Emerging Markets Reach for the Torch
As we speak, the 2012 Summer Olympics torch relay is in progress. The famed torch is making its way to Olympic Stadium in London to mark the start of the international games in July. The Olympic flame, dating back to the ancient Olympic games in Greece, is not only a token of the games, but also a symbol of countries coming together, united in pride, sportsmanship and healthy competition. The Olympics may be the one of the best examples of global collaboration.
As the torch is handed off person-to-person, and relayed from country to country, I’m reminded of a different global “torch” being passed--one that affects international growth as smaller nations mature and become increasingly important to the global economy.
The Great Recession has forced powerhouse nations like the United States to work to rebalance their economies. And Brazil, Russia, India, and China (often referred to as BRICs), which have attracted tremendous investment interests in recent years, are seeing slower growth rates as their labor productivity peaks. The change has fueled the fire for smaller economies, allowing them to emerge with the torch and play a significant role in the global supply chain.
For example, Colombia has a young and growing population with a median age of 28. Energy, mining and agriculture remain key sectors there, and the free trade agreement with the United States (and ongoing negotiations elsewhere) should help Colombia improve productivity and help its economy shift further up the value chain.
Turkey’s population is one of the youngest in Europe. The country is uniquely situated with links to both the European Union and the Middle East, and Turkey has broadened its export base further into Africa. Auto manufacturing is a growth sector, and the country hopes to become a key energy distributor between producers in Russia and Central Asia and consumers in Europe. Media, transport and tourism are also growing service sectors.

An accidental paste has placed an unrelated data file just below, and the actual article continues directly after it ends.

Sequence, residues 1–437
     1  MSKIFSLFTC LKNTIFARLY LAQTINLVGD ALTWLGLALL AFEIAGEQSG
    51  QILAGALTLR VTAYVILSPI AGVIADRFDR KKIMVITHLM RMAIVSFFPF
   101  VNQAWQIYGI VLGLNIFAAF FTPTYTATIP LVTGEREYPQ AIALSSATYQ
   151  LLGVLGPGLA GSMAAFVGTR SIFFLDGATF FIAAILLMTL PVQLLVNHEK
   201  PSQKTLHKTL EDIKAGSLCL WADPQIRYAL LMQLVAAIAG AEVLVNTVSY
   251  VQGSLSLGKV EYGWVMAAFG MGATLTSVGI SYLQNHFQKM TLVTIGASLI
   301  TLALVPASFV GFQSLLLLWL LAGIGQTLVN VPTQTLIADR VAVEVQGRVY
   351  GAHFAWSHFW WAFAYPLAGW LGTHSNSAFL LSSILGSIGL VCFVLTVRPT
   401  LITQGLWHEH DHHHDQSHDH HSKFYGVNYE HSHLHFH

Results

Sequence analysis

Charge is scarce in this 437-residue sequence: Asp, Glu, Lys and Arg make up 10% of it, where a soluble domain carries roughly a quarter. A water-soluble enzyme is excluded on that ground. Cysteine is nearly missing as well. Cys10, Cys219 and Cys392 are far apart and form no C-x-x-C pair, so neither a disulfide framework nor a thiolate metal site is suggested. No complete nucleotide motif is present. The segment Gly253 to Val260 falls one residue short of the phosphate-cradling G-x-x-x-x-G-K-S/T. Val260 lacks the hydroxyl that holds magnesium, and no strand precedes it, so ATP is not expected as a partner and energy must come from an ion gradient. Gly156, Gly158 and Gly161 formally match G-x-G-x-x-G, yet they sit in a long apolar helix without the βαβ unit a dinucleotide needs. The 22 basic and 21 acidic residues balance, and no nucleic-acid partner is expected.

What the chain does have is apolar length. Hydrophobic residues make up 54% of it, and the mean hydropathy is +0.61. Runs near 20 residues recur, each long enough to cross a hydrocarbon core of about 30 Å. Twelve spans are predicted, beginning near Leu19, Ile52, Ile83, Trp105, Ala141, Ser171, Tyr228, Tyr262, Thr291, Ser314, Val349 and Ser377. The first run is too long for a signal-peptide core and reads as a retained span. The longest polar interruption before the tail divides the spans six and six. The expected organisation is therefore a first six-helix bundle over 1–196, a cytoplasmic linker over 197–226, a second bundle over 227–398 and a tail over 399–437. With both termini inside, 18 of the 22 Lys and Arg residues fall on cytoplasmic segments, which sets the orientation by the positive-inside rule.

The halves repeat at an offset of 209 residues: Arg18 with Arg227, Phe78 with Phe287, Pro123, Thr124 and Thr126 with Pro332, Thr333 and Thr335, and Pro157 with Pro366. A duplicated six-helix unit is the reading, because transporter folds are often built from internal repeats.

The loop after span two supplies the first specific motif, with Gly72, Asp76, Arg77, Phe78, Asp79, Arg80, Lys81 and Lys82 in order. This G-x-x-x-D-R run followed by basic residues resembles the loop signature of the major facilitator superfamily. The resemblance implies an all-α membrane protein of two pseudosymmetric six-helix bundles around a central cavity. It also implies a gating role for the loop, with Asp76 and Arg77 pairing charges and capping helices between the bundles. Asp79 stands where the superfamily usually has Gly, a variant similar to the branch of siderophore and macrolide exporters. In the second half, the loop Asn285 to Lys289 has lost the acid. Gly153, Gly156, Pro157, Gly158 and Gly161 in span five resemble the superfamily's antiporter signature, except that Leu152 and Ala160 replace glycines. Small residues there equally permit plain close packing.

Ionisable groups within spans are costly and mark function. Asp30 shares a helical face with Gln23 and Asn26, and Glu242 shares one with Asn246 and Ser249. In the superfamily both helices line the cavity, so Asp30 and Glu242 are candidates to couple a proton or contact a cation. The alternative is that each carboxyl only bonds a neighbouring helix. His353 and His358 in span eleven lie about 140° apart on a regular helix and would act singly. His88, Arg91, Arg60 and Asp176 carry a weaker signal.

South Africa is the largest and most developed country in Africa. Development in the financial sector is on par with many industrialized countries, making it an attractive regional hub for international banks. Mining is a key export sector, and South Africa also has a growing service sector led by retail and wholesale trade, and business services. Aggressive plans for infrastructure expansion should help provide a competitive boost longer term.
Other countries to watch include: Peru, Chile, Nigeria and Ghana, which rely on exporting commodities to grow their economies. And like their fellow emerging nations, these countries show signs of an increasingly pro-growth policy environment and can-do attitudes among business enterprises after witnessing the success of BRICs in recent years. They are positioning themselves to grab the torch for their leg of the global race for economic prosperity.
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Other Posts by Gene Huang
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